BWW Reviews: Sara Bareilles Plays to Capacity Crowd at Wolf Trap, Displays Enviable Musicianship
Ok, full disclosure. I am a musical theatre geek who can probably name the most obscure musical theatre songs known to mankind, but I don't pay that much attention to pop culture as consumed by the general public. There's nothing wrong with it. It's just not really my thing. You'll find me at classical or jazz concerts, and numerous cabaret events, but few others that are skewed in the traditional rock/pop domain. However, every now and again, a performer with mass popular appeal catches my attention due to songwriting and vocal talents that could be considered to be first-rate regardless of genre. One of those talents that I happened upon some years ago was multiple Grammy nominee Sara Bareilles. I've not had the opportunity to see her live in a full concert - save for a wonderful experience at the Kennedy Center's American Voices event - but had such an opportunity last night at Wolf Trap where she played to a capacity-crowd. A crowd, I might add, that was probably a little more diverse than I expected. In front of me were numerous little girls in booster seats with their parents, a myriad of 20-somethings, and some older couples as well. In hindsight, this makes sense because her work offers a little something for everyone.
Following two 20-30 minute opening acts - the sultry voiced Emily King and the incredibly inventive Lucius (I dug the use of percussion even if the lyrics were largely unintelligible from the front orchestra) - and an intermission, Ms. Bareilles delivered one of the most varied ninety minute sets I've encountered. Starting off strong with the theme song of her current tour - "Little Black Dress" - appropriately donning (you guessed it) a little black dress, her ability to engage a crowd was immediately apparent. A fun anthem to individuality ("I Wanna Be Like Me"), complete with an endearing lyric screw up, and a solid rendition of "Chasing the Sun" - which explores the need to live life to the fullest - gave way to some of my favorite selections of the evening.
Sandwiched between some of her hits that have received extensive radio play - "I Choose You," "Love Song," "King of Anything," and the inspiring "Brave" towards the end of the concert - were several selections that overwhelmingly provided evidence that Ms. Bareilles is, if anything, a stellar performer with a solid and versatile musical sense, a knack for unique arrangements, and a talent for writing sophisticated, on-point lyrics that highlight the human condition. Couple those assets with a vocal range that would make many Broadway performers envious, and a seemingly effortless ability to incorporate her piano/guitar as an element of her performance rather than a crutch, one has to marvel at her skillset. If that weren't enough, her air of vulnerability mixed with confidence makes her standout amongst her peers.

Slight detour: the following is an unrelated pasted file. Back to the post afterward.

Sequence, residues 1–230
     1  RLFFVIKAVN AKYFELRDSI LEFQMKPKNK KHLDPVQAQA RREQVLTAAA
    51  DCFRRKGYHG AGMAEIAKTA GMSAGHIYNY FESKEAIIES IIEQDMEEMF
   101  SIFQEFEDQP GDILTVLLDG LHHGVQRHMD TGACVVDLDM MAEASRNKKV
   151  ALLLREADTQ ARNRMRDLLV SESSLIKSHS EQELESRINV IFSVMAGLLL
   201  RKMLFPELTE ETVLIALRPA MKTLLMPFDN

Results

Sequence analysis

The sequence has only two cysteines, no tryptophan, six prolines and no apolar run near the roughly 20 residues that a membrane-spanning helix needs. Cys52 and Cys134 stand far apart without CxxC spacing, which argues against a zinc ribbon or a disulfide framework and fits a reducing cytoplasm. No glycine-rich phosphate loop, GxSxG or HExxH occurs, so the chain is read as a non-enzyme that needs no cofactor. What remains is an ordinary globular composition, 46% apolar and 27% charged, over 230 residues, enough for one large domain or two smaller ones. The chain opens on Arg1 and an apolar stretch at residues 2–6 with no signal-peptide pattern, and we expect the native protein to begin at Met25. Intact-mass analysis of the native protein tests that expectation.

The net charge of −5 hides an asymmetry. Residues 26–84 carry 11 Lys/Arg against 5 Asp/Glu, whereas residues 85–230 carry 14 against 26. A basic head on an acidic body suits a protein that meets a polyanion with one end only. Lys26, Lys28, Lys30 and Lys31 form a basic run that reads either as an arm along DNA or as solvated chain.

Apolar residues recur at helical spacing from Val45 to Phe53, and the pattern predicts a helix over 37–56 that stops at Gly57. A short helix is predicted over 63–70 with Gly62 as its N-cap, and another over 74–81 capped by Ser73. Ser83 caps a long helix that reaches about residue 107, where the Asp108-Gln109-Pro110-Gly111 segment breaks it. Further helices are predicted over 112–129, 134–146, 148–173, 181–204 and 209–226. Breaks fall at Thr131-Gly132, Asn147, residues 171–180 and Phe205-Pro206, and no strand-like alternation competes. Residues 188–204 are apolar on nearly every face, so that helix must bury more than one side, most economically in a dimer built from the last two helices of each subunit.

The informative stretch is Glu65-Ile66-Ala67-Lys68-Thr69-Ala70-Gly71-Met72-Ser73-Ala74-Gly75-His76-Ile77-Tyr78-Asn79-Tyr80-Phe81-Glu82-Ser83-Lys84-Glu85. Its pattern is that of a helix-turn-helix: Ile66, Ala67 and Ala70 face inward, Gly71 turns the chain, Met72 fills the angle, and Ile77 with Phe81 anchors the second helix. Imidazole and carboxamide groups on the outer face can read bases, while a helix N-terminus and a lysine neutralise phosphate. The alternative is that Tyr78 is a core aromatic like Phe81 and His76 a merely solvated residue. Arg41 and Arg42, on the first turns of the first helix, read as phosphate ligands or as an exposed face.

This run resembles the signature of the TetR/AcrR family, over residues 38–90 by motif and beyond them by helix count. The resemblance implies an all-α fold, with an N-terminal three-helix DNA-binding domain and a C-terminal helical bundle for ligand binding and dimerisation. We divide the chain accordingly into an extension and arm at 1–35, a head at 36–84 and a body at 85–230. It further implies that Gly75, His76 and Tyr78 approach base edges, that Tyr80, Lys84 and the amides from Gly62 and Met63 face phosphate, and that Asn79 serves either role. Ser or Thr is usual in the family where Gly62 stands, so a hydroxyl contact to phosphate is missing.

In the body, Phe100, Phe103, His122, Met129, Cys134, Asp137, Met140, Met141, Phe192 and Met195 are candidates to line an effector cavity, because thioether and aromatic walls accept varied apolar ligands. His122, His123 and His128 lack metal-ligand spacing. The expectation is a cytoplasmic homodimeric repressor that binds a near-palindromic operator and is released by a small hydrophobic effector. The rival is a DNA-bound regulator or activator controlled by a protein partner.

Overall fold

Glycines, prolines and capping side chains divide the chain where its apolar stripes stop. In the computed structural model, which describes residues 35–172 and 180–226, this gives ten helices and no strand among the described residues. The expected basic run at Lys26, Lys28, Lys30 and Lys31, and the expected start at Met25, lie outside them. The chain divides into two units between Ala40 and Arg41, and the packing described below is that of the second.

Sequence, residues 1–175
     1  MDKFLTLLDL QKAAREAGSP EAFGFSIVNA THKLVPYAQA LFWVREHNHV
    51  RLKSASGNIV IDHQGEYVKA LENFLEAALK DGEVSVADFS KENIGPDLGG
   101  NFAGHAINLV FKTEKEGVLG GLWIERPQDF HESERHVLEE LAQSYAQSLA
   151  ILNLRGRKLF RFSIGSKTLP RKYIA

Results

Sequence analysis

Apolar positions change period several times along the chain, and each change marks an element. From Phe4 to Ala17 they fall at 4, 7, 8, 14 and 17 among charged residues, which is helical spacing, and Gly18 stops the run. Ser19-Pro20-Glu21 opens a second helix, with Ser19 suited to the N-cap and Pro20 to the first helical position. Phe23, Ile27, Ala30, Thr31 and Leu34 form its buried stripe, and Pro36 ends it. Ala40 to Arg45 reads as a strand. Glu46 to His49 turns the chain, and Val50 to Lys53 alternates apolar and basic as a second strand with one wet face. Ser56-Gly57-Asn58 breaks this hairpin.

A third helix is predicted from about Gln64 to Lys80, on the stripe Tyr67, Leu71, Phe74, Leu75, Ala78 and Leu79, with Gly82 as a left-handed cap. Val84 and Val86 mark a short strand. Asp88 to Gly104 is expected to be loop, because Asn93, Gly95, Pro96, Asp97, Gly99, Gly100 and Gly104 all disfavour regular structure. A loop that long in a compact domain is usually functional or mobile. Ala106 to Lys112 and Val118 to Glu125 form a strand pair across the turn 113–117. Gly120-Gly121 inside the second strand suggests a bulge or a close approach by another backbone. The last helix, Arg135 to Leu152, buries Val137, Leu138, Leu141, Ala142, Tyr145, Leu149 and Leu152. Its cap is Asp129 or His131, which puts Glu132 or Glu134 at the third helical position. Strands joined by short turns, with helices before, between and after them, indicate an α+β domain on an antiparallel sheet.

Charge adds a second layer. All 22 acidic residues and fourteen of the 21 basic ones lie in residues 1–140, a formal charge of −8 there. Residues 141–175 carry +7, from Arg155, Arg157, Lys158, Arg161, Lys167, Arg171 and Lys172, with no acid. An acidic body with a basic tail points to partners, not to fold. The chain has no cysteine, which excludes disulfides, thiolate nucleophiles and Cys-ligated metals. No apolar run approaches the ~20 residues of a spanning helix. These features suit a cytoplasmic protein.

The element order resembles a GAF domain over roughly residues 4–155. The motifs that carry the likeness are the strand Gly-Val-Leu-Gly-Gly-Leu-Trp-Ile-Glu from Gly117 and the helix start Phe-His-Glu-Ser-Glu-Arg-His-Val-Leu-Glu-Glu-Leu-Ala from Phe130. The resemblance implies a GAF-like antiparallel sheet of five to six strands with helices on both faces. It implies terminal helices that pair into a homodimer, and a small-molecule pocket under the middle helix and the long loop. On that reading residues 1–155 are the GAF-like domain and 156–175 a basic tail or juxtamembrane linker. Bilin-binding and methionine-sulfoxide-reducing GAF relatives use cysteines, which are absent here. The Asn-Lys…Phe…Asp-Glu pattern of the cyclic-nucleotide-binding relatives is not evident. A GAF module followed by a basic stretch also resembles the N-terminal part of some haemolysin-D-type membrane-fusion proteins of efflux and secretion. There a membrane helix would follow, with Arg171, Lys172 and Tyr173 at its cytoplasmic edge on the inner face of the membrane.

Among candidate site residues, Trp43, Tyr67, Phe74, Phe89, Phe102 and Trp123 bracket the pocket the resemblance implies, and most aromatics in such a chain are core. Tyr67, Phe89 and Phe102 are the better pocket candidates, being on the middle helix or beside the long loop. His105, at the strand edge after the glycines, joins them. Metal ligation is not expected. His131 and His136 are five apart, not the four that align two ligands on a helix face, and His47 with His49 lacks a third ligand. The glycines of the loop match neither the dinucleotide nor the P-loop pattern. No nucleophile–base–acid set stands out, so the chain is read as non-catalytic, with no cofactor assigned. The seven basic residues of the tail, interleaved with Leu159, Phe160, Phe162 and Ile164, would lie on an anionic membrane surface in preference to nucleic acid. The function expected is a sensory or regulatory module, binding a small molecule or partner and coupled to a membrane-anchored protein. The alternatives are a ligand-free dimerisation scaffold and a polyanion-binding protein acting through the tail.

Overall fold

The bluesy and guitar-driven cover of "Come Round Soon" proved to be a highlight for me. Appropriate grit mixed with polish, her rendition was marked with not only incredible vocal control, but emotion that was far from being "put on." It was a perfect blend of solid technique and engaging song delivery that was well suited for the song. An acoustic cover of "Chandelier," a recent pop hit by Sia, also showed originality and well, simply put, a vocal talent that extends far beyond what the originator has to offer. Her instrument, simply put, can do it all and very well at that.
Of her original tunes, the contemplative "Manhattan," "Gravity," "Hercules," "Uncharted," resonated the most with me, but for different reasons. "Manhattan" proved surprisingly intimate in the cavernous venue and was well-matched with NYC-inspired projections. "Hercules" and "Gravity" are notable for the interesting arrangements superbly delivered by Ms. Bareilles and her equally talented band featuring a keyboardist, a cellist, a violinist, a percussion player, and two guitarists. I especially appreciated her versatile string section and was glad there was no skimping in that area (other artists take note). The cellist and violinist really added to the interesting soundscape that emerged with "Hercules." A choice to sub-divide "Gravity" into a song that features Sara alone on her piano (where, let's face it, she really excels) and then ultimately involves her band towards the end of the song provided an emotional and musical buildup that was particularly effective. The clean and not unnecessarily complicated arrangement used for "Uncharted," likewise, allowed the strength of the lyrics to shine through.
While I could quibble at the long wait between opening acts (perhaps it would be more effective to alternate opening acts on tour or use the same setup for both) and other delays, in the end they were forgotten because I was so impressed with her concert. I look forward to seeing more of Sara in future concerts, perhaps even backed by a symphony (National Symphony Orchestra and Steven Reineke, are you listening?). I think her talents would serve her well in that setting.
Graphic: Courtesy of Wolf Trap website.